The media circus was in full swing at the courthouse, with dozens of photographers and reporters swarming the governor and pushing and shoving each other.
I haven't seen it this bad since the international media converged here for media baron
Conrad Black. At that time, the media mass was so out of control, attorney Ed Genson, who was riding in his motorized scooter, was knocked clear over.
No one was knocked over this morning outside of the Dirksen Federal Courthouse.
But that just may have been a minor miracle.
There were more than 60 press people swarming all over Rod Blagojevich, who at first said he'd take no questions.
But, as he turned to leave, he started answering shouting reporters.
As he answered, more people moved in around him, barely allowing him to walk. At many points, the whole crowd seemed to move as one giant flock.
"Oh my God," one photographer exclaimed as he looked over the pile of bodies.
And he was one of the shooters who was standing above us all on a concrete barrier outside.
Another photographer swore and then apologized to the ex-governor. Blagojevich smiled and said it was nothing he hadn't heard before: "Listen to some of those tapes," he said. (The secret recordings of Blagojevich last year are ridden with expletives, according to snippets of transcripts released to the public.)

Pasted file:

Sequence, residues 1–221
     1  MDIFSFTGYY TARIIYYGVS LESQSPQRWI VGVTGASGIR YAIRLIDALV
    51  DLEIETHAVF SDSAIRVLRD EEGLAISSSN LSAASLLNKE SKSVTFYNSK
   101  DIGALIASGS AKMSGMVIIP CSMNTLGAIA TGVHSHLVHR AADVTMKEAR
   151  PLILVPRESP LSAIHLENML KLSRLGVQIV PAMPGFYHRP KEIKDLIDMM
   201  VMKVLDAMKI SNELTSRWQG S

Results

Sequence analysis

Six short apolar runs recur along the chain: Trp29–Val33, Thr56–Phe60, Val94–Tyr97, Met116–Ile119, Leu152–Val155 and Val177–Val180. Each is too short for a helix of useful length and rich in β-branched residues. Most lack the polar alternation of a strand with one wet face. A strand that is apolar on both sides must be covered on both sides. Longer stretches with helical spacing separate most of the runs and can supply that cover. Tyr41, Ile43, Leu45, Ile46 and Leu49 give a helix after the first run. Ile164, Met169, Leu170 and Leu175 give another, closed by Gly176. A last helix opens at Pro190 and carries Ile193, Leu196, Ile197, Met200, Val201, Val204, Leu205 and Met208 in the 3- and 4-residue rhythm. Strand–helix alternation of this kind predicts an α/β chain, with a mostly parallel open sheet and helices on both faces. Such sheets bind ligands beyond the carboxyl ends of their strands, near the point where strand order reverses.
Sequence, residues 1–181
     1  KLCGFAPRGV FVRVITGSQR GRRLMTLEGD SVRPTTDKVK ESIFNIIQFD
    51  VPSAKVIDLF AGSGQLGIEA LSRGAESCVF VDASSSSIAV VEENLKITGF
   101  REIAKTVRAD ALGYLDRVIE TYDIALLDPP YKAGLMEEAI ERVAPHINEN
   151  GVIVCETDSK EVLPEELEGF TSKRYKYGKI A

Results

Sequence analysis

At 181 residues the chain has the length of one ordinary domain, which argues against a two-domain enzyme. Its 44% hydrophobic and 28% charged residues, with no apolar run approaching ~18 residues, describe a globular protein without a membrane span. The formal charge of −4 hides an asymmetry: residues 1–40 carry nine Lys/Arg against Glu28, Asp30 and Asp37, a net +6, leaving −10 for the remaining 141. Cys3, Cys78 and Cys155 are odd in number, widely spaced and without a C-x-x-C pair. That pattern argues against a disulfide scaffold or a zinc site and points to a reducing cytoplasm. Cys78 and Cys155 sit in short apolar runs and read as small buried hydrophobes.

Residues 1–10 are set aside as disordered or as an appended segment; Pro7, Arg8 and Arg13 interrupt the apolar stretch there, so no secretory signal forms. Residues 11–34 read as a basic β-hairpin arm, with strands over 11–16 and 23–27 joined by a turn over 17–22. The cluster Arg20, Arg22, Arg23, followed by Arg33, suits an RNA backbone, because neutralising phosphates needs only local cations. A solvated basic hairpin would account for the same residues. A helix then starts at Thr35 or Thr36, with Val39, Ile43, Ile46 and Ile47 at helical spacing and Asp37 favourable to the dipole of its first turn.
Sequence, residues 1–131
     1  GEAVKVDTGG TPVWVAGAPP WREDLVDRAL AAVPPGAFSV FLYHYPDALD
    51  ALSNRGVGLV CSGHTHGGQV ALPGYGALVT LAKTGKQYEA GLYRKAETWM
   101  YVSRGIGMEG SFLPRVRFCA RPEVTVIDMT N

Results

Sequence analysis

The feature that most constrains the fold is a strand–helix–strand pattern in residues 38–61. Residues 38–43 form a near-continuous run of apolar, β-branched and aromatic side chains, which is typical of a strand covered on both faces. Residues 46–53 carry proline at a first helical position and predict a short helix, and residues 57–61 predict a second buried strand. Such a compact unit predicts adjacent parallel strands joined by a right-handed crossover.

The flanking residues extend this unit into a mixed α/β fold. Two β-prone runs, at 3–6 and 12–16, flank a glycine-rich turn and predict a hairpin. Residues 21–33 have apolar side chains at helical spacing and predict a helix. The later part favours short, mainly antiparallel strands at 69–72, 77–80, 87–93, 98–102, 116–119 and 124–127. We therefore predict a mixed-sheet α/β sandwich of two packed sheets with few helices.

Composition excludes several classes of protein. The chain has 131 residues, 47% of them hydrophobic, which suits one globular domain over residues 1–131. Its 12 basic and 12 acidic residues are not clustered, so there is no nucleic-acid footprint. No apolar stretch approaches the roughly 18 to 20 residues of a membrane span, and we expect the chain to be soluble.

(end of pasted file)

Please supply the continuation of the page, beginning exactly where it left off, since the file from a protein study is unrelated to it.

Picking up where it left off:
Outside, photographers and cameramen stood atop of concrete barriers to get an overhead view of the ex-governor. Inside, some set up small ladders to get a good shot. Back outside, reporters swore as they stepped on each other's feet.
Others huddled around, shoving their mics or tape recorders to the governor -- not even getting anywhere near him. "He's not going to leave until the last question is asked," one TV reporter commented on Blagojevich.
Onlookers in the public took out their cell phones to snap photos and videotape the mess.
Others inside the courthouse stood by the glass windows, sipping coffee and watching the spectacle.
In the midst of all this, Blagojevich stopped to add something else.
"Let me say one more thing. I want to say this to the people of Illinois. I have not let them down. I never stopped working hard for them or fighting for them," Blagojevich said.
Asked repeatedly about adding another lawyer to address a "massive" indictment, Blagojevich lawyer Sheldon Sorosky said: "We'll need five or six lawyers."
Then, asked what his strategy was moving forward, Rod Blagojevich said: "the truth."
Through it all, Rod Blagojevich continued to smile, seeming to bask in the attention even as he was getting smothered.